N.J. close to codifying same-sex marriage
A bill to enshrine same-sex marriage into state law took a major step forward on Monday.
The Senate passed the measure by a 35-4 vote. The Assembly planned to take up the bill later on Monday. Lawmakers who introduced the bill said it was necessary to protect the rights of same-sex couples.
Same-sex marriage has been legal in the state since 2013 when a judge ruled that New Jersey's then-exclusion of same-sex couples from civil marriage violated the state constitution’s equal protection guarantee.
After the U.S. Supreme Court issued a similar ruling in 2015, same-sex couples were permitted to marry in all 50 states.
However, there has been no statutory law codifying same-sex marriage.
Christian Fuscarino, executive director of Garden State Equality, said Monday’s vote was critical.
“If the U.S. Supreme Court were to do the unimaginable and overturn marriage equality, this would now have no bearing on the sacred right in our state of New Jersey,” Fuscarino said.
A previous effort by the Legislature in January 2010 proved unsuccessful after the Senate rejected it by a 20-14 vote.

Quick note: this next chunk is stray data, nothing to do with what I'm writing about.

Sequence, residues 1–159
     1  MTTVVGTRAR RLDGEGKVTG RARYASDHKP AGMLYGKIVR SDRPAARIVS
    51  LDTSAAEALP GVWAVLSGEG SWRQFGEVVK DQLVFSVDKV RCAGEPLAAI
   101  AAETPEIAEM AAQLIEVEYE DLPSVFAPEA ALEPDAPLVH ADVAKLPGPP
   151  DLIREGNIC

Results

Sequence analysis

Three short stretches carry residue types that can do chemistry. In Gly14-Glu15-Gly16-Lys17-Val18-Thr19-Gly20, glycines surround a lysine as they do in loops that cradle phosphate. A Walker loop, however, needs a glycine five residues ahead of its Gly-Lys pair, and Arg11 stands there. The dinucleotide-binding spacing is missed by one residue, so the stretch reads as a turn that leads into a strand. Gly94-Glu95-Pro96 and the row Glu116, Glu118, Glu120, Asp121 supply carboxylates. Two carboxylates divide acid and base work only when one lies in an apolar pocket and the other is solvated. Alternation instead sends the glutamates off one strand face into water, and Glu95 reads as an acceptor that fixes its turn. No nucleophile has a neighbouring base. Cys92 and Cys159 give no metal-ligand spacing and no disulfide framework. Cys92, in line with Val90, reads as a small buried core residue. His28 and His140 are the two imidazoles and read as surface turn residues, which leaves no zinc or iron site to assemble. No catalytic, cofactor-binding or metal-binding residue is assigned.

Outgoing Senate President Stephen Sweeney (D-3) abstained at the time. However, he was one of the Senate bill’s primary sponsors this time.
“I said the minute I [abstained] it was the biggest mistake I've ever made in my public life, and vowed to correct it and fix it. And we have,” Sweeney said.
”This gives me the opportunity now to codify it in law, especially with what's going on in the Supreme Court,” he added.
Republican Sen. Holly Schepisi also spoke about her regrets for having voted against the bill in 2010 during what was her first committee hearing, despite the fact she was in favor of it.
“I remember going home that night and my daughter who was then 8 years old scolded me and said, ‘Mommy, why did you vote no when I know you would have voted yes?” she recalled.
Senate Majority Leader Loretta Weinberg thanked Sweeney for being “man enough to stand up and acknowledge and apologize for a prior major error in judgment.”
“Thank you for helping us get to this day where the question of marriage equality will no longer be a question in the state of New Jersey,” Weinberg said.
To be enacted, the bill must be signed by Gov. Phil Murphy by Jan. 11.
Unlike his predecessor, former Gov. Chris Christie, Murphy has been a staunch public supporter of LGBTQ rights. Christie vetoed the measure after the entire legislature passed it in 2012. At the time, it did not have enough votes to overturn his veto.
Murphy declined to comment definitively on whether he would sign the bill, saying only that the public knows where he stands on same-sex marriage.